Second, not all vaccines work well in all populations. Historically, there are examples of vaccines that are more effective in specific ethnic populations for reasons that are not well understood. Because of this, multiple vaccines will ensure that everyone has access to an effective vaccine.
We do not know what is in the vaccine. Fiction. We know exactly what is in the vaccine. This varies from vaccine to vaccine based on the company’s specific design, but the first two approved vaccines from Pfizer and Moderna contain oil droplets with genetic materials to express non-infectious pieces of the virus.
We do not know anything about the side effects. Fiction. Each of the clinical trials are being conducted in >30,000 people from around the world and all subjects are monitored for side effects. Half of the subjects in the clinical trial are receiving placebo and half are receiving the vaccine. In general, subjects report soreness and swelling at the injection site, as well as fever, chills, tiredness and headache, which should go away after a few days. This is exactly what you want to happen because it means your immune system is active and doing its job.
The subjects in the clinical trials continue to be followed for any additional side effects and none have been observed. Everyone who receives the vaccine in the trial or after approval will continue to be monitored for side effects to ensure continued safety in different populations and conditions.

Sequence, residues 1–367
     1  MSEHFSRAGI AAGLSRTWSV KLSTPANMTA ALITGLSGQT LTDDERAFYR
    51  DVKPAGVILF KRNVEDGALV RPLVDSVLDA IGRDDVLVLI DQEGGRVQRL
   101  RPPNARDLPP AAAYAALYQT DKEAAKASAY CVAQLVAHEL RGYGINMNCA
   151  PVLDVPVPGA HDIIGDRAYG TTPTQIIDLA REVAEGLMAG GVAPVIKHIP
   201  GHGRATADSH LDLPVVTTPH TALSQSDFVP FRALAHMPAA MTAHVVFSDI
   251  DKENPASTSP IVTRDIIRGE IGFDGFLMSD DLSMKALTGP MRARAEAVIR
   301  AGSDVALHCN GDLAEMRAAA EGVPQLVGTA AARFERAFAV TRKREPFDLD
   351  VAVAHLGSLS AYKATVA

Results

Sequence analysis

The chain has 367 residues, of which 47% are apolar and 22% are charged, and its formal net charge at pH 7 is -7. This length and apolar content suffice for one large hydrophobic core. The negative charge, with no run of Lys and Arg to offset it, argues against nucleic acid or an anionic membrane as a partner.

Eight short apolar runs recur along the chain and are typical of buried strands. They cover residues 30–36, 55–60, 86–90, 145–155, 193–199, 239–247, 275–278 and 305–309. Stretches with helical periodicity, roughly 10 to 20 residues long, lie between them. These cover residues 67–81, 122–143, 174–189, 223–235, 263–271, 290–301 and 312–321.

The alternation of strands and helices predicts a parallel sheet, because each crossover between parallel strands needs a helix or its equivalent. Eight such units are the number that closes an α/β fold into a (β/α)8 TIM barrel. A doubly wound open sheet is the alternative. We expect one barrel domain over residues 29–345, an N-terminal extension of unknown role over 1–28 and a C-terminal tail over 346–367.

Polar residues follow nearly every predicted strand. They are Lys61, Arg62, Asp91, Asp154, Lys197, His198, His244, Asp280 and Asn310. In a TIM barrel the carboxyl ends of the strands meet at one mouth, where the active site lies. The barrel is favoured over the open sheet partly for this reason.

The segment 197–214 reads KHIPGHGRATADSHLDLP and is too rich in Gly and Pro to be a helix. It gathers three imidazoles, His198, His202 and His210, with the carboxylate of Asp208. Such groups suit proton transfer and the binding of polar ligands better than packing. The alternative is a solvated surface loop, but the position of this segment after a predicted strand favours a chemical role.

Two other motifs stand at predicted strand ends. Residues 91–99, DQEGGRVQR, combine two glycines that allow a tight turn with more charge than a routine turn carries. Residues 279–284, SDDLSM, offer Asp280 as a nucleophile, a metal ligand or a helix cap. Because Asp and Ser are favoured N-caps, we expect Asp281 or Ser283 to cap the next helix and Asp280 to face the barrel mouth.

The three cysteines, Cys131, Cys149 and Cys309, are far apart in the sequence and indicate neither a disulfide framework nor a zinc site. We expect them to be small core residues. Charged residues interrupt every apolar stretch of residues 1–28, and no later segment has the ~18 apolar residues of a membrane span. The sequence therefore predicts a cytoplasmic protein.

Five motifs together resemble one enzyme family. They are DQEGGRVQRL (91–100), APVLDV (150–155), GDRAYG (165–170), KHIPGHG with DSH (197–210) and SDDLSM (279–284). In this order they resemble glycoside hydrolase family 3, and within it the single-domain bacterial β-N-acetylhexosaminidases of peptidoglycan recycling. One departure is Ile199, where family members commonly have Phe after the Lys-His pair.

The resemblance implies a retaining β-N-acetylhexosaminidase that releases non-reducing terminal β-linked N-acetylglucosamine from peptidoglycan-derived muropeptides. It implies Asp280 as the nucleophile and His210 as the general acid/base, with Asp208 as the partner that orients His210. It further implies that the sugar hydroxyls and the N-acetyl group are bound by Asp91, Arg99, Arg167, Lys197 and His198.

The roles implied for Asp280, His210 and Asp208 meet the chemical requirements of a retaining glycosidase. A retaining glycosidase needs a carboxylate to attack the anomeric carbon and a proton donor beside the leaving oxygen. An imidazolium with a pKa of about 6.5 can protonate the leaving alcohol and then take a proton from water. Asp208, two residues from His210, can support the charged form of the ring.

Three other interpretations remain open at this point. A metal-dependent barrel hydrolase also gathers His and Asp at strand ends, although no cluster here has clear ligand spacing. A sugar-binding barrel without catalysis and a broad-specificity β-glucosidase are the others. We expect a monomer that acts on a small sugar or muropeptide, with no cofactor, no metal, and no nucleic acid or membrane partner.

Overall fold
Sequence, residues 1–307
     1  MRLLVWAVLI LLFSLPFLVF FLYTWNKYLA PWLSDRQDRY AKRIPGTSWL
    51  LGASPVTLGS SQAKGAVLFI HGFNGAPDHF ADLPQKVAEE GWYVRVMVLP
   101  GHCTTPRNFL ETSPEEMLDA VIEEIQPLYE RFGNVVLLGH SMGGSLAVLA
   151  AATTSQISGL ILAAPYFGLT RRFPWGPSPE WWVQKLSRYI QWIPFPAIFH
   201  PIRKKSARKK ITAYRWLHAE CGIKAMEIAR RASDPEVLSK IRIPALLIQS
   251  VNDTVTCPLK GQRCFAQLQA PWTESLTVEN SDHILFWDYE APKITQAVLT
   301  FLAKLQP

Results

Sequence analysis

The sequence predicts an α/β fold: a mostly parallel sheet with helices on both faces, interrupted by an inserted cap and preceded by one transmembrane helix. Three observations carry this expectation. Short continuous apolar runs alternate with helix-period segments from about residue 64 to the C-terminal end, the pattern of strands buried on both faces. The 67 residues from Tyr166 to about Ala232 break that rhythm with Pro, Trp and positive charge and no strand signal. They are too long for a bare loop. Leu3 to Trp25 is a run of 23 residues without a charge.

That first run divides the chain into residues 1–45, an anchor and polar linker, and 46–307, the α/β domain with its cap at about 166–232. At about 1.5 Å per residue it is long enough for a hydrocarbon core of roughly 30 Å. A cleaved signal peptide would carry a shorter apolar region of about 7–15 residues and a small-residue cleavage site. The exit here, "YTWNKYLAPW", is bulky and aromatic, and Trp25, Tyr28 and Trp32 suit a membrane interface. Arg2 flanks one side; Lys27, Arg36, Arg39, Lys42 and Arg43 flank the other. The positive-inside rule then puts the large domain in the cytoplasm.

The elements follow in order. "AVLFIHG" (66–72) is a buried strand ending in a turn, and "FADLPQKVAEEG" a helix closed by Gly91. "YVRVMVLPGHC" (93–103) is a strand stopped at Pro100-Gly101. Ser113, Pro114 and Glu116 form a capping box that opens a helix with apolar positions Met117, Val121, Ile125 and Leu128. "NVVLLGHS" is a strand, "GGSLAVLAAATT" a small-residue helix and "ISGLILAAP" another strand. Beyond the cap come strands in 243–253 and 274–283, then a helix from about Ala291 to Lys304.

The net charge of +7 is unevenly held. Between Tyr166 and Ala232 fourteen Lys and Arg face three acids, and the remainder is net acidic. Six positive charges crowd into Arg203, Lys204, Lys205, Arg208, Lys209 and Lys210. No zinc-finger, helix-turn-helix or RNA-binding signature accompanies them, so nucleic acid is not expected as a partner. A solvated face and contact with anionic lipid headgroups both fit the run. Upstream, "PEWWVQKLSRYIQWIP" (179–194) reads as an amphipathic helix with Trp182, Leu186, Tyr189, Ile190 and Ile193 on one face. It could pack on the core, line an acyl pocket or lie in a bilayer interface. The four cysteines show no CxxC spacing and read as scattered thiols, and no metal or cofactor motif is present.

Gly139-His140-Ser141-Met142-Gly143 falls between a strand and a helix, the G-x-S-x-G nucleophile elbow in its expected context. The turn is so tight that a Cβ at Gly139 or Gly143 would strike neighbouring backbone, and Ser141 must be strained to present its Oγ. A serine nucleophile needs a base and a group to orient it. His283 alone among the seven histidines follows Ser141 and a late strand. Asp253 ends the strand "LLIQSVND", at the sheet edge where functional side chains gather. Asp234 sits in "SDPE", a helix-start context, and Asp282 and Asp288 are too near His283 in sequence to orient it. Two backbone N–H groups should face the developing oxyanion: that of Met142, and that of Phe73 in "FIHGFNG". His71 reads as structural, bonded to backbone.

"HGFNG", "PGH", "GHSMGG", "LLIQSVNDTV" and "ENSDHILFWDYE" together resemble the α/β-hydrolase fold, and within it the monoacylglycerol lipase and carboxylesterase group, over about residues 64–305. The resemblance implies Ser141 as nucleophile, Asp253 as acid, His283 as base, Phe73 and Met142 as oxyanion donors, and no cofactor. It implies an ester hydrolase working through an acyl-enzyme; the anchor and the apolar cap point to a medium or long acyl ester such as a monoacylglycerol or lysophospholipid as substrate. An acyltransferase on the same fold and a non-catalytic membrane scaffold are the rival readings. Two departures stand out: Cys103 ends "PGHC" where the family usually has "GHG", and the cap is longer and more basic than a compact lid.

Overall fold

COVID-19 will eventually go away on its own. Fiction. It is unlikely that SARS-CoV-2 will go away on its own. Just like the common cold - which is also a coronavirus - it continues to make kids sick every year, but as we age and continue to be exposed, we generate an immune response that prevents us from getting sick. The vaccine helps to accelerate this process to protect us. However, we are only a year into this pandemic and scientists will continue to monitor how many people are infected each year.
Receiving an mRNA vaccine will not affect your DNA/genetics. Fact. The mRNA vaccine is fantastic technology because it has no way to get into your DNA but can still induce a strong immune response. It does so by generating pieces of the virus for our immune systems to respond to. Once the mRNA is used by our cells, it is destroyed and has no long-term effects on our cells.
The vaccines are just placebos. Fiction. Clinical trials require vaccine groups and placebo groups to show that the vaccine is effective. Once a proper comparison between these groups can be made, all vaccines administered will contain the active ingredients to induce an effective immune response to the virus.
There is a chip or marker in the vaccine used to track you. Fiction. This is simply not true.
Venditto adds, “I would personally get any of the approved vaccines, absolutely. I will also wait for my turn to ensure that those at highest risk can get vaccinated first since I am able to work remotely.”